As reported in the last Tax Policy Update, the European Commission is considering the option of new taxes to help fund the EU COVID recovery package – including a so-called “Single Market tax” (SMT) that has baffled the tax policy world…
Commission mulls the single market tax option
As reported in the last Tax Policy Update, the European Commission is considering the option of new taxes to help fund the EU COVID recovery package – including a so-called “Single Market tax” (SMT) that has baffled the tax policy world.
Since then, further details have emerged on it might entail. According to Commissioner Hahn (budget) this annual SMT would target up to 70,000 companies with a global turnover above EUR 750 million that operate in the Single Market. The Commissioner hopes that such a tax would yield EUR 10 billion. The tax rate could reportedly be 0,2% of the companies’ turnover.
But there seems to be no unity even within the Commission, with reportedly Commissioner Breton (single market and SMEs) cautioning against it. A number of business associations have also warned that it might endanger Europe’s economic recovery.
Commissioner Gentiloni re-iterates new EU tax proposals in 2021 if OECD fails
Commissioner Gentiloni has re-iterated that the EU will proceed with proposals in 2021 on digital and minimum taxation if the OECD’s discussions fail to deliver this year. He also said at a webinar co-organised by the Greens that minimum taxation would be most impactful in terms of additional tax revenues for Europe.
At the same webinar, the Commissioner excluded the option of using “enhanced cooperation” for an eventual minimum tax proposal, saying it makes little sense if only countries with ‘good tax governance’ participate. He also reminded that the use of Article 116 is being studied by the Commission, which would allow tax proposals to be adopted by qualified majority rather than unanimity, if they try to fix disruptions in the Single Market. He did not specify whether the minimum tax proposal specifically would fulfil this condition.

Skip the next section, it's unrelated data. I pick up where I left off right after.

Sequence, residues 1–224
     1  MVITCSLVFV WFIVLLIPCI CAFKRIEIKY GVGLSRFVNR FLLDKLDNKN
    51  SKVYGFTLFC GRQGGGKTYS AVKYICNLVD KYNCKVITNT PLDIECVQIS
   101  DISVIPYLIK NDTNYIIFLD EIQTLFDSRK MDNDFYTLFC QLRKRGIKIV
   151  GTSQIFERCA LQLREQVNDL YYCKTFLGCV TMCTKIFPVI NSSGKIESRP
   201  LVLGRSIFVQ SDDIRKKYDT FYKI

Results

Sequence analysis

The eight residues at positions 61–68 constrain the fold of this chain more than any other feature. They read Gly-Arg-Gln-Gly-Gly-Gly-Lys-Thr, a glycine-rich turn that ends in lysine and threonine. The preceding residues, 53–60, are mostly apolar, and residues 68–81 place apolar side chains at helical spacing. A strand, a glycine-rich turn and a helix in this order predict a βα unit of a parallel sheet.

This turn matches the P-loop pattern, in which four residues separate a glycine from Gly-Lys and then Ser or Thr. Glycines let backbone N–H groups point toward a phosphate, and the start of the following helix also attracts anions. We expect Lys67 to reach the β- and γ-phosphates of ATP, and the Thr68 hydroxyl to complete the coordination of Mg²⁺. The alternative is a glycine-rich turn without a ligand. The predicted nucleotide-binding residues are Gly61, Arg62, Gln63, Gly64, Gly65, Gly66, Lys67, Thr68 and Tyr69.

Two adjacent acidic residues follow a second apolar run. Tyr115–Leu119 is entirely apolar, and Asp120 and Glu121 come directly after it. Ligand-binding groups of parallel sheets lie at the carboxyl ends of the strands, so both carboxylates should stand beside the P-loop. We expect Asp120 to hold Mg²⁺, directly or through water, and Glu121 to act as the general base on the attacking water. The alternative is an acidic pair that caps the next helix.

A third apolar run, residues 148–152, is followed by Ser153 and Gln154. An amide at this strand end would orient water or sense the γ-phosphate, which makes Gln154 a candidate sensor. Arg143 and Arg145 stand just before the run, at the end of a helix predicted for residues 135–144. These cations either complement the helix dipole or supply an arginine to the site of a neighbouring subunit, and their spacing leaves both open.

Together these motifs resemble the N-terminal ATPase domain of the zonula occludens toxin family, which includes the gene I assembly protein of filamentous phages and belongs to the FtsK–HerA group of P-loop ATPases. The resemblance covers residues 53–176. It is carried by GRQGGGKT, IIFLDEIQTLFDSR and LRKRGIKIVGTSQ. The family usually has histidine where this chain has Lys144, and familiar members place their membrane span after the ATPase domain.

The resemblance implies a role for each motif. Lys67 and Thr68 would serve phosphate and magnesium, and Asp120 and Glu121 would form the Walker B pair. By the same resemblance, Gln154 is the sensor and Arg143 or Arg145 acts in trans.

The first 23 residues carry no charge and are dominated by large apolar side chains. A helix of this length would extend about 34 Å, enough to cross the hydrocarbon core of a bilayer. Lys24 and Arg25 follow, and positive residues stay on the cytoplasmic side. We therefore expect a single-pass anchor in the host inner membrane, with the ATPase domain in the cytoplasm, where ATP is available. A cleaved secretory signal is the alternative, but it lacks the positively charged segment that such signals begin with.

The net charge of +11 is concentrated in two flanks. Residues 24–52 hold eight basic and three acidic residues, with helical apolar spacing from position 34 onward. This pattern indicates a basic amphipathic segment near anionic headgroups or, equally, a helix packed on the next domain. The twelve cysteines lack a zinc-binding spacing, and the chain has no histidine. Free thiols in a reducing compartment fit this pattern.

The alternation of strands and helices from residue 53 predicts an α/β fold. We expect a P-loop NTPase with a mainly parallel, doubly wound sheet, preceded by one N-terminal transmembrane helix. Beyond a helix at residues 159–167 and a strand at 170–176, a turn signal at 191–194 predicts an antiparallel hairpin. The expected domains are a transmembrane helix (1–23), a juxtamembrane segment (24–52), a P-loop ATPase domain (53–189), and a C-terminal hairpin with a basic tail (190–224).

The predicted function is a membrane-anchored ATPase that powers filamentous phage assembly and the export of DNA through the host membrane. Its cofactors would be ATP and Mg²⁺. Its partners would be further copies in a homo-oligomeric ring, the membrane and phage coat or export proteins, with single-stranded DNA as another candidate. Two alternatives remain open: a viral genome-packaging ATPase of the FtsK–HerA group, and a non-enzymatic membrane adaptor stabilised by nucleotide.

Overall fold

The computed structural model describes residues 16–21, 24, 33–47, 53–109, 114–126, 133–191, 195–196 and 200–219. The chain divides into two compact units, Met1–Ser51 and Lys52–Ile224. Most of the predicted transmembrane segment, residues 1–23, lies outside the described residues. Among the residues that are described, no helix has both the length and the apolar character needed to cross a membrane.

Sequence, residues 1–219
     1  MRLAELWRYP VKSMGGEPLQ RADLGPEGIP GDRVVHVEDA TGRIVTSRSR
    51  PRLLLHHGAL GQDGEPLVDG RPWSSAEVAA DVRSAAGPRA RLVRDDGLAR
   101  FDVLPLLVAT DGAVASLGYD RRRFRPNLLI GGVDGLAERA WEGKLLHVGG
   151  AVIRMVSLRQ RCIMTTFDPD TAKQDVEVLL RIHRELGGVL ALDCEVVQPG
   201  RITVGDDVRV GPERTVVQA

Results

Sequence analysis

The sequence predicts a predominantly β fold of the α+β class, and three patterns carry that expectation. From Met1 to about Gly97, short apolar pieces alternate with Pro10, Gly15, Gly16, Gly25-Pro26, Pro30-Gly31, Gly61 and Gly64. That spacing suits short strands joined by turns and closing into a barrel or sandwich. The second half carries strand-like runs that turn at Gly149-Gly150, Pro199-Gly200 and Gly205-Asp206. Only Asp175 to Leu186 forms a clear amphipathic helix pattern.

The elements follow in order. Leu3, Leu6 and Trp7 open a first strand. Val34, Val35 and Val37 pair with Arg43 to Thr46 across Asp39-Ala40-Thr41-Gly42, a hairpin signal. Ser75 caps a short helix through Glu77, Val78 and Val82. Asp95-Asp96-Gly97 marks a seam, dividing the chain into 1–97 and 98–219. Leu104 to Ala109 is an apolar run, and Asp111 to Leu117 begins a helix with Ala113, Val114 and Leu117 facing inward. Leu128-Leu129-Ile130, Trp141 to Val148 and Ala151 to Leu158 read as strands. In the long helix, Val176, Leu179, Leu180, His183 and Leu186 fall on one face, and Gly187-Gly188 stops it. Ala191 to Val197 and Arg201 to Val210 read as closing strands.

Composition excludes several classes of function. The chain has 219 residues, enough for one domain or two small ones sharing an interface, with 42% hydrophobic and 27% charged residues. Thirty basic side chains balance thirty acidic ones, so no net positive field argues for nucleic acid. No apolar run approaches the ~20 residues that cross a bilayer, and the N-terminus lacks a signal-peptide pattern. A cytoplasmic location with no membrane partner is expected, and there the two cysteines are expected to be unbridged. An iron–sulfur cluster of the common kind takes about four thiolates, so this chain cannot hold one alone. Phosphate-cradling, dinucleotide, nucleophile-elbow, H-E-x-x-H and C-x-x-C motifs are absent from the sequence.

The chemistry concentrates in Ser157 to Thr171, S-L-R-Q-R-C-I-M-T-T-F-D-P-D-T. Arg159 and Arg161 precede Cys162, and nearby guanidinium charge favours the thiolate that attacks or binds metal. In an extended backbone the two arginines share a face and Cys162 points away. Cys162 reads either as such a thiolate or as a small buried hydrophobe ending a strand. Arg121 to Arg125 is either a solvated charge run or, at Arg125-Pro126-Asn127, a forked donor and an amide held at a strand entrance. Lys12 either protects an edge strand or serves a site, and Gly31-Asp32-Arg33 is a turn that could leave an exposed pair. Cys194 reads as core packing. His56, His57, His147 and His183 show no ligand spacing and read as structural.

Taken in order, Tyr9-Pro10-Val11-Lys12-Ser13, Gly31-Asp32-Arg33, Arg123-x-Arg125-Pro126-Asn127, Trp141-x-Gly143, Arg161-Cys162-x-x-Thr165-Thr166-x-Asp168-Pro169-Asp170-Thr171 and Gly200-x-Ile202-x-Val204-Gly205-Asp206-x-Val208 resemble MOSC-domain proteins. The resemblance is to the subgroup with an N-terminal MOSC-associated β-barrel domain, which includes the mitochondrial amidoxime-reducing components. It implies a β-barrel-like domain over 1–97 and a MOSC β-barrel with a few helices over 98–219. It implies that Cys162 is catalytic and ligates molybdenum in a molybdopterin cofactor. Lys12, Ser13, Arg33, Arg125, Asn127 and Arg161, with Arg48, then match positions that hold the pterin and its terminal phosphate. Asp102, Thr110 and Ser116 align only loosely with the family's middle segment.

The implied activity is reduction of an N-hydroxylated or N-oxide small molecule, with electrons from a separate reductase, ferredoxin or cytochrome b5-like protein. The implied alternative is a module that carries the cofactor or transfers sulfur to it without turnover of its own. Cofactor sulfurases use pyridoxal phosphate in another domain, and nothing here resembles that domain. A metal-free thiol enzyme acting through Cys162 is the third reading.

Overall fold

European Commission launches COVID recovery package, considers new taxes
On 27 May, the European Commission published its long-awaited COVID recovery plan to help rebuild Europe’s economy. It includes a one-off EUR 750 billion recovery instrument to help finance member states’ economies that have been weakened by the ongoing pandemic. Of this, EUR 500 billion would be in the form of grants, and EUR 250 billion in loans.
Interestingly, the Commission intends to consider several tax measures as options to help finance the recovery funding:
A carbon border tax
An “own resource based on the operation of large companies” – dubbed a “Single Market tax” that could yield up to EUR 10 billion
A digital tax based on OECD’s work or EU’s own action if OECD fails. According to initial estimates, a tax on large digital companies like Facebook and Google could generate about EUR 1 billion annually
A plastics tax that is expected to yield up to EUR 7 billion.